Input offset voltage, VIO, is defined as "the DC voltage that must be applied between the input terminals to force the quiescent DC output voltage to zero or some other level, if specified". If the input stage was perfectly symmetrical and the transistors were perfectly matched, VIO = 0. Because of process variations, geometry and doping are never exact to the last detail. All op amps require a small voltage between their inverting and non-inverting inputs to balance the mismatches. VIO is normally depicted as a voltage source driving the non-inverting input, as shown in Figure 5-1.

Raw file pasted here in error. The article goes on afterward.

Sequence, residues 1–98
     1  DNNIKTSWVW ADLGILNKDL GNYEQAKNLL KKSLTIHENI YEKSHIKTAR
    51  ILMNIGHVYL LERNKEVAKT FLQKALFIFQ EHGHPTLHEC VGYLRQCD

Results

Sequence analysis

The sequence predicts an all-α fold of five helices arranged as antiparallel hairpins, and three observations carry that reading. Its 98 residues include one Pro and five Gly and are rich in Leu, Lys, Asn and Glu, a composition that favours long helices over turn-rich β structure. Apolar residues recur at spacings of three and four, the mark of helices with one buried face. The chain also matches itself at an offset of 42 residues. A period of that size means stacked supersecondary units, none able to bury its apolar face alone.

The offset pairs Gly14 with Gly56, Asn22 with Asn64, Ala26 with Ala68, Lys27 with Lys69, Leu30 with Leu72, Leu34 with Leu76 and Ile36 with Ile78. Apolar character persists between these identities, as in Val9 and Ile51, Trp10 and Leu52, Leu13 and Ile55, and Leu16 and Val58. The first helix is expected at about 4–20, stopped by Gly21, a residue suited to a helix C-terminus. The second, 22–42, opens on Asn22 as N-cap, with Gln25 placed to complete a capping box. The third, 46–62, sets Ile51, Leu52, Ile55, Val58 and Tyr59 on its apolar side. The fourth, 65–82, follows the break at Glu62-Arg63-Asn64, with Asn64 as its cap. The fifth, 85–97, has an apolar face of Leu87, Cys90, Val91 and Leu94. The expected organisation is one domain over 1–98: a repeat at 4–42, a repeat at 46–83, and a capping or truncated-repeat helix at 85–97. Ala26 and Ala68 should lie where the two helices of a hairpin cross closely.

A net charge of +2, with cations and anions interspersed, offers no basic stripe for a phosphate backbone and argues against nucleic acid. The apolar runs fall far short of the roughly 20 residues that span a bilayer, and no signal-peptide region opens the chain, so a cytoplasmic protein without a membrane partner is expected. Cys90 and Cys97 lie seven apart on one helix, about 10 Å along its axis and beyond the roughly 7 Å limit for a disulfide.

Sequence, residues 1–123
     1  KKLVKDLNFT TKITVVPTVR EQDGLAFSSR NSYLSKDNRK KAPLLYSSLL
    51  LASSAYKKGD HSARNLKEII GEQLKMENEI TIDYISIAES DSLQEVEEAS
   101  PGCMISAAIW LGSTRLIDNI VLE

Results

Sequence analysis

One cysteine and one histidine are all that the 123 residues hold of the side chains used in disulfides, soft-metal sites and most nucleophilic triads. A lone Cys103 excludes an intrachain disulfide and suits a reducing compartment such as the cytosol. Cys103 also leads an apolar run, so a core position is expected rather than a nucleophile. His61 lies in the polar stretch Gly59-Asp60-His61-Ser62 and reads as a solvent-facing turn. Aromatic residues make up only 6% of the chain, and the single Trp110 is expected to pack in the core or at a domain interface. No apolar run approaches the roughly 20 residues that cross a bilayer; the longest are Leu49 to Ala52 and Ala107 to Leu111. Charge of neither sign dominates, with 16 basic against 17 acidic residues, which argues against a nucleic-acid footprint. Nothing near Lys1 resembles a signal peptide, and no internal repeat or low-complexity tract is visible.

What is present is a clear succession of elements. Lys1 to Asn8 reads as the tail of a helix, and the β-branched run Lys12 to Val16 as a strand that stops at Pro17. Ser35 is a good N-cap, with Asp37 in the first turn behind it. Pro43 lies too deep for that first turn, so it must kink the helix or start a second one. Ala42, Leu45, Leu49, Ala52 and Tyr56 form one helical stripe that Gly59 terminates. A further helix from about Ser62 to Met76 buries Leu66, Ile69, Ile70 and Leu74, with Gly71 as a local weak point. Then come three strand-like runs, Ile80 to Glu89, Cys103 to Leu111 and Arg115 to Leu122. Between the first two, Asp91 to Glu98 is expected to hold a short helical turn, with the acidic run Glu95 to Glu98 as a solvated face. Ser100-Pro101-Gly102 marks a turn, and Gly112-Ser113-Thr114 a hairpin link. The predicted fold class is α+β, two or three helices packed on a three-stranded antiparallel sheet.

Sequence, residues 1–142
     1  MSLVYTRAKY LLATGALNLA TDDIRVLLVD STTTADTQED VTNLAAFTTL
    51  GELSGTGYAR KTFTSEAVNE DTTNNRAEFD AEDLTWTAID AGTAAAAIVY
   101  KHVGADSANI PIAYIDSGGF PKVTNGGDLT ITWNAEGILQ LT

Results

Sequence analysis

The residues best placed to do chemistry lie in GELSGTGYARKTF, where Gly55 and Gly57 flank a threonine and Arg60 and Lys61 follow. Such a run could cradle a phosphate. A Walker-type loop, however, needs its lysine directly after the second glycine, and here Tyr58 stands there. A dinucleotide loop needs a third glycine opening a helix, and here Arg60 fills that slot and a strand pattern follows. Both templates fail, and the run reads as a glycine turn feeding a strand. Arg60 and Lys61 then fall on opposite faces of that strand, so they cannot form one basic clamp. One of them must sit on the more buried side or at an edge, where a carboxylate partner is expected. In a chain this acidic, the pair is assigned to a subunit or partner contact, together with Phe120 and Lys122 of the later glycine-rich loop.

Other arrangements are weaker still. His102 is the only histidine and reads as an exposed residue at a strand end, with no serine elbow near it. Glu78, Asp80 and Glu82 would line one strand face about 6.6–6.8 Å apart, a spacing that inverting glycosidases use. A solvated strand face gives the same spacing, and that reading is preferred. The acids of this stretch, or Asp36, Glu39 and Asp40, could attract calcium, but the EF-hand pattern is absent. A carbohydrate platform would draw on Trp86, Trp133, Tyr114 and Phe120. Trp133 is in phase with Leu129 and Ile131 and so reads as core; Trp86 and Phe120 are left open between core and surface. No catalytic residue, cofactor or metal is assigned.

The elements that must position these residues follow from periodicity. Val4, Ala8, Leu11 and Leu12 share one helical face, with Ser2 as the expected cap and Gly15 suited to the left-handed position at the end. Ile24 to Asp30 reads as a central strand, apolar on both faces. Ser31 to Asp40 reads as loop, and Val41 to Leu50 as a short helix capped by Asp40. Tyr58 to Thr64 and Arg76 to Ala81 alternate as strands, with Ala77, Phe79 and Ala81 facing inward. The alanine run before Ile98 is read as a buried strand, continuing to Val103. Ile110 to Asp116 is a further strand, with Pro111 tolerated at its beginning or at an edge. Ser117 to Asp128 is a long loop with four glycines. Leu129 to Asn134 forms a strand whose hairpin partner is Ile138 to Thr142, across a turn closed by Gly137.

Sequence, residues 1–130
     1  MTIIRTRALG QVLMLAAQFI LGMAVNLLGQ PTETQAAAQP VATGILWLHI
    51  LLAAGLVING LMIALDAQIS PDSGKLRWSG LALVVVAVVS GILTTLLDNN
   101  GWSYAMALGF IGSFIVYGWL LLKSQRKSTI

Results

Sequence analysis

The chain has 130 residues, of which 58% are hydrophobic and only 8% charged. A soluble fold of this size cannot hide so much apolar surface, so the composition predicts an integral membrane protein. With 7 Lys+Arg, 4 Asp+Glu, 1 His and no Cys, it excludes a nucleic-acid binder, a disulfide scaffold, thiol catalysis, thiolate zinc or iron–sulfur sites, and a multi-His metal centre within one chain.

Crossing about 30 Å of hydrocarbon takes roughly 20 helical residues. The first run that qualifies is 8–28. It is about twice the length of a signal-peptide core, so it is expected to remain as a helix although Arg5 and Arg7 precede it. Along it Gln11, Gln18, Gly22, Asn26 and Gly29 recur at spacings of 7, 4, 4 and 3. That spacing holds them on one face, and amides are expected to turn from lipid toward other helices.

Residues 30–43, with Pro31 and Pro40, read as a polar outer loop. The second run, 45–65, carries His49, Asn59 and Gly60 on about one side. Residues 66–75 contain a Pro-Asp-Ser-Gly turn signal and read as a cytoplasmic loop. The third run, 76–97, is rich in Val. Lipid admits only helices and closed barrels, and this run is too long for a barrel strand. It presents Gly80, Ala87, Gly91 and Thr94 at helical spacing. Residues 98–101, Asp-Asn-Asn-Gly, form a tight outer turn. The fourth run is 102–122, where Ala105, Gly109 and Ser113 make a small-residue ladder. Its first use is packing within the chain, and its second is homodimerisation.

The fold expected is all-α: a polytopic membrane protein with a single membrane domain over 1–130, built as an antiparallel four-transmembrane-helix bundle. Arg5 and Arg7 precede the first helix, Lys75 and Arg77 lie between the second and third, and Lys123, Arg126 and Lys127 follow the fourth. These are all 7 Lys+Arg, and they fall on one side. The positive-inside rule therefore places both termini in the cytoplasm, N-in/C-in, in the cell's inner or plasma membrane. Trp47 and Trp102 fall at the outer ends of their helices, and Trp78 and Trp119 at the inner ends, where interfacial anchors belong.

TI data sheets show two other parameters related to VIO; the average temperature coefficient of the input offset voltage and the input offset voltage long-term drift.
The average temperature coefficient of input offset voltage, αVIO, specifies the expected input offset drift over temperature. Its units are uV/°C. VIO is measured at the temperature extremes of the part, and αVIO is computed as ΔVIO/Δ°C.
Normal aging in semiconductors causes changes in the characteristics of devices. The input offset voltage long-term drift specifies how VIO is expected to change with time. Its units are mV/month.
Input offset voltage is of concern anytime DC precision is required. Several methods are used to null its effects.